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Controversy Over Approval of First Alzheimer’s Treatment Continues

“The whole thing is befuddling, and a series of inexplicable surprises,” says Dr. Caleb Alexander, professor of epidemiology and medicine at the Johns Hopkins Bloomberg School of Public Health. Alexander is a member of the U.S. Food and Drug Administration’s advisory committee that provided recommendations to the agency on whether or not to approve the Alzheimer’s drug aducanumab.

On June 7, the FDA did approve the drug (under the brand name Aduhelm), in a highly controversial decision that continues to divide the Alzheimer’s community. Patients and advocacy groups, including the Alzheimer’s Association, support the approval, noting that the drug is the first to address the underlying causes of Alzheimer’s disease. While it’s not a cure or a home run therapy, they say, it’s a needed start.
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Neurology and dementia experts, as well as statisticians who have looked at the data the drug makers submitted for approval are more skeptical. They note that the two large studies of the drug were hardly convincing in showing effectiveness. One study showed no significant benefit among people who received the drug compared to those getting a placebo, while the other showed only marginal improvement in cognitive tests among people getting the drug.

Adding to the contention around the FDA decision is the way the agency made it. Before approving a drug, the FDA conducts a thorough review of the company’s request, which includes all the data on effectiveness, and convenes an advisory committee, made up of independent experts, to also look over and weigh in on the data. The independent panel votes on whether to approve the drug or not, and the agency takes that vote into consideration in making its decision.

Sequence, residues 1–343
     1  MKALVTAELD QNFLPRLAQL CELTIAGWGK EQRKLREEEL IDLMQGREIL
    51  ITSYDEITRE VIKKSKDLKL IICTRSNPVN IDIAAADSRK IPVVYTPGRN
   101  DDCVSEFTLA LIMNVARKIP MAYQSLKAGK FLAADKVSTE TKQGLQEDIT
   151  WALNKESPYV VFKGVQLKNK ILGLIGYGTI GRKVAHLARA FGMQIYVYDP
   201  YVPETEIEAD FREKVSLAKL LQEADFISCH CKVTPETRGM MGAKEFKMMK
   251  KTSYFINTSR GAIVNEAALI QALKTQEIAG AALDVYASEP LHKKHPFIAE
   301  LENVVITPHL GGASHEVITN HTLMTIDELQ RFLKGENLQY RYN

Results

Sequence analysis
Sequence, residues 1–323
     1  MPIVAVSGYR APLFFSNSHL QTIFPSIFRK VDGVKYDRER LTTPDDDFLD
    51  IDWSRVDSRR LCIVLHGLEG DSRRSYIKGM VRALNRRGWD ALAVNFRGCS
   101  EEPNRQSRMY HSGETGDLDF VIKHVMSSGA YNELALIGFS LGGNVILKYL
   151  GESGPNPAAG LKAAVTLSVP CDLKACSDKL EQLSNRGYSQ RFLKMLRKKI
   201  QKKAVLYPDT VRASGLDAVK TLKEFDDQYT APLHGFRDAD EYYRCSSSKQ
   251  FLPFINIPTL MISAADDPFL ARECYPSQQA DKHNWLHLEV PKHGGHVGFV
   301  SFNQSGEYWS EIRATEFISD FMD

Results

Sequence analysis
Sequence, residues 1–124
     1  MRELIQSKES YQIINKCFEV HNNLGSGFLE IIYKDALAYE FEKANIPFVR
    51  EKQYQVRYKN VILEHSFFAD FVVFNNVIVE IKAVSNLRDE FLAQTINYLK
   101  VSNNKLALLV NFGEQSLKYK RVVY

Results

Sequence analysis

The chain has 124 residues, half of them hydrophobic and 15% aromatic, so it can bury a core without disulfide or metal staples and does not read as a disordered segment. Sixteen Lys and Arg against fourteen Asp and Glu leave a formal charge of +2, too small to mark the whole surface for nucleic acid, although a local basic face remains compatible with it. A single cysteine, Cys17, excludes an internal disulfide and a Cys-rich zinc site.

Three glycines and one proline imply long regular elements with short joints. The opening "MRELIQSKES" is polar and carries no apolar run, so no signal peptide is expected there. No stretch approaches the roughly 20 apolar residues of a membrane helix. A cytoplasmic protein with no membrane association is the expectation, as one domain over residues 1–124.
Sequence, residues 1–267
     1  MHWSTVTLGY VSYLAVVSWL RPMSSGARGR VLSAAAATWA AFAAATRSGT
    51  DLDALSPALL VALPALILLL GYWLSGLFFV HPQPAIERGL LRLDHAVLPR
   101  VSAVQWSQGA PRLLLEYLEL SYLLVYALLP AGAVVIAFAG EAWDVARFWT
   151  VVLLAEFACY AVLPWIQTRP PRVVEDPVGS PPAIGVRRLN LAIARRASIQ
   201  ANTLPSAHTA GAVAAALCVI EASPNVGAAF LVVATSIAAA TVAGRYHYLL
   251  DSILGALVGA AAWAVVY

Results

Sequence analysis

In aducanumab’s case, 11 members with expertise in neurology, Alzheimer’s disease, epidemiology and statistics, met in November to review the data presented by the makers of aducanumab, U.S.-based biotech Biogen and Japanese pharmaceutical company Eisai. After reviewing that data, 10 members of the committee voted that the evidence was not sufficient to approve the drug, and one was uncertain.

But on June 7, the FDA decided to approve the drug anyway. Following the approval, three committee members—Dr. Joel Perlmutter, professor of neurology at Washington University St. Louis, Dr. David Knopman, a clinical neurologist at the Mayo Clinic, and Dr. Aaron Kesselheim, professor of medicine at Harvard Medical School—resigned, citing concerns over the FDA’s decision-making process for this drug.

“As an advisory committee member, I am extraordinarily disappointed that our unbiased advisory committee review was not valued,” Perlmutter wrote in an email explaining his decision to TIME. “For these reasons, I resigned my membership on this committee.” Kesselheim did not immediately respond to requests for an interview, but said to STAT that the drug’s approval is “probably the worst drug approval decision in recent U.S. history.” Knopman declined to be interviewed by TIME for this article but said in an email response to CNN that “I resigned from the … committee because if I ever were asked to serve on a future panel, I wouldn’t have wanted to be treated in the disrespectful way that the aducanumab external advisers were treated.”

In addition, the committee members were surprised by a number of other apparent liberties the agency took in making its decision. The committee concluded that the evidence was insufficient for approval because while the studies showed that aducanumab could reduce levels of amyloid in the brain, there wasn’t strong enough evidence to show that reduction led to clinical benefit in the form of improved scores on cognitive tests, which are a proxy for real-world benefit. “There is insufficient evidence that A-beta [amyloid] clearance predicts clinical benefit,” Perlmutter said. “This is a major problem.”

Yet in approving the drug, the FDA decided that the amyloid reduction could serve as what scientists call a surrogate endpoint—a stand-in for clinical benefit. “The committee was never consulted regarding the prospect of using amyloid as a surrogate,” says Alexander. In fact, he says, at the November meeting, the committee specifically asked FDA representatives if they would consider the amyloid reduction as a surrogate in making its decision. “The FDA advised us that it didn’t plan to do so. There was a specific query to FDA as to whether they were considering amyloid as a surrogate and they explicitly said they were not.”